Mary, Queen of Scots

Mary, Queen of Scots is perhaps the most famous figure in Scottish history. A woman who, despite her high birth and important position, was often the plaything of people who secretly wanted to elevate their own status.

Mary's position was never the strongest. She became queen when she was only 6 days old after the death of her father, James V. As a girl of five she was sent to France, there to grow up with her fiancé, the future François II. Alas, he died young and after his death she returned to Scotland, a widow at 18, where as a Catholic she now found herself part of a religious minority! However, she overcame these difficulties for the most part. The real problems began when her second husband, Lord Darnley, got it in his head that Mary cheated on him with her private secretary, David Rizzio.

First, Darnley and some friends killed Rizzio - in front of Mary. A few months later, Darnley was murdered in turn. After an explosion at the Kirk o' Field, he was found in the garden there, apparently smothered to death; a plot! Soon the spark hit the powder keg. Everyone had a theory about the perpetrators, yet no one was found guilty. It wasn't long before people started pointing the finger at Mary. Even if they didn't believe that she was directly involved, many people found that at least she did too little to track down the perpetrators. Of course, marrying one of the prime suspects not long after didn't help either.

This is where the weakness of Mary's position became clear. Her opponents managed to raise an army to remove her from the throne. As head of state, Mary should have been able to deal with this easily, but when her troops faced the army of the rebels at Carberry Hill, they refused to fight for their queen. As time passed, it became clear that Mary couldn't win the day, and she surrendered without bloodshed. This was followed by a humiliating journey back to Edinburgh, where Mary was placed under house arrest in the residence of Simon Preston of Craigmillar. He was the provost of the city and a personal ally of Mary's, but he couldn't change the situation either.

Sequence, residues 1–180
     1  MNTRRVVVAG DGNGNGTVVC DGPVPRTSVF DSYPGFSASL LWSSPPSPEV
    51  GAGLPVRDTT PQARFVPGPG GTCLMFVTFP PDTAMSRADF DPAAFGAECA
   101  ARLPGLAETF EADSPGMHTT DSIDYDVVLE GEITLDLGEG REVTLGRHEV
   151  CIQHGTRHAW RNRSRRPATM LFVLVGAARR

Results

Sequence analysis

The next day, Mary was taken to Loch Leven Castle, a castle on an island in a lake. Here she miscarried twins; two little boys, it's uncertain who the father was. She was also forced to renounce the throne in favour of her only child, a 1-year-old boy, James VI. Of course, a regent had to be appointed, and then you see why so many people supported the rebellion against Mary. (And also why virtually no one questioned the parentage of this child!) Here was an opportunity to seize power!

However, multiple parties are involved in such a power struggle, providing Mary with a number of unlikely supporters, including her jailor's brother, George Douglas. After nearly a year, she managed to escape her prison. She raised an army of 6.000 men, with which she would try to take back her crown. Her half-brother tried to cut her off, but had only 4.000 men at his disposal. However, he was a much better strategist than Argyll, Mary's general. The two armies clashed at Langside on 13 May, 1568, and Mary's army was crushed. She was left with the choice between captivity, or a risky flight to England. She chose the latter and hoped that her cousin Elizabeth I would help her, one queen to another. However, Mary hadn't counted on the upheaval that the arrival of a Catholic Queen would bring to an already tumultuous England. Elizabeth had Mary locked up and that's how she would spend the last 19 years of her life. In her absence, a civil war erupted in Scotland that would last for many years and would cost the lives of many important people. However, that is a story for another time, as well as Mary's imprisonment and the ruse that would ultimately lead to her death.

Images:

  • The Murder of Rizzio (John Opie, 1787)
  • Loch Leven Image Credit: PaulT
  • Mary, Queen of Scots Escaping from Loch Leven Castle (William Craig Shirreff, 1805)
  • Mary, Queen of Scots tomb effigy © Kim Traynor (cc-by-sa/2.0)

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